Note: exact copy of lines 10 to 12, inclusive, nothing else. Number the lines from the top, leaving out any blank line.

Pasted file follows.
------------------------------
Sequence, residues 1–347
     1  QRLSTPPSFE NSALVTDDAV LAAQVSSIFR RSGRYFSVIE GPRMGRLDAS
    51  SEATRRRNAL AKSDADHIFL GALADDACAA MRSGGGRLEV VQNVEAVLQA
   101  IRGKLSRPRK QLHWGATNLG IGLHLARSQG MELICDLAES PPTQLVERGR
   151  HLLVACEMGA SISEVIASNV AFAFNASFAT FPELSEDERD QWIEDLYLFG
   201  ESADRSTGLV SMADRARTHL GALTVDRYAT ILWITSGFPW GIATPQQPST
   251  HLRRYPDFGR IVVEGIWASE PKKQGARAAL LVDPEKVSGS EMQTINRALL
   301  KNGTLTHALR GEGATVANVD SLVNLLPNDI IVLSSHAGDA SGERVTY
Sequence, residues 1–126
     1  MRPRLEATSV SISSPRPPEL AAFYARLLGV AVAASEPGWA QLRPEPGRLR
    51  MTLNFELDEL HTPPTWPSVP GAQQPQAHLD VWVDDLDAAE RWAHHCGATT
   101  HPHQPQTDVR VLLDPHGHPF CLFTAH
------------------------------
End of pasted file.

     1  MRPRLEATSV SISSPRPPEL AAFYARLLGV AVAASEPGWA QLRPEPGRLR
    51  MTLNFELDEL HTPPTWPSVP GAQQPQAHLD VWVDDLDAAE RWAHHCGATT
   101  HPHQPQTDVR VLLDPHGHPF CLFTAH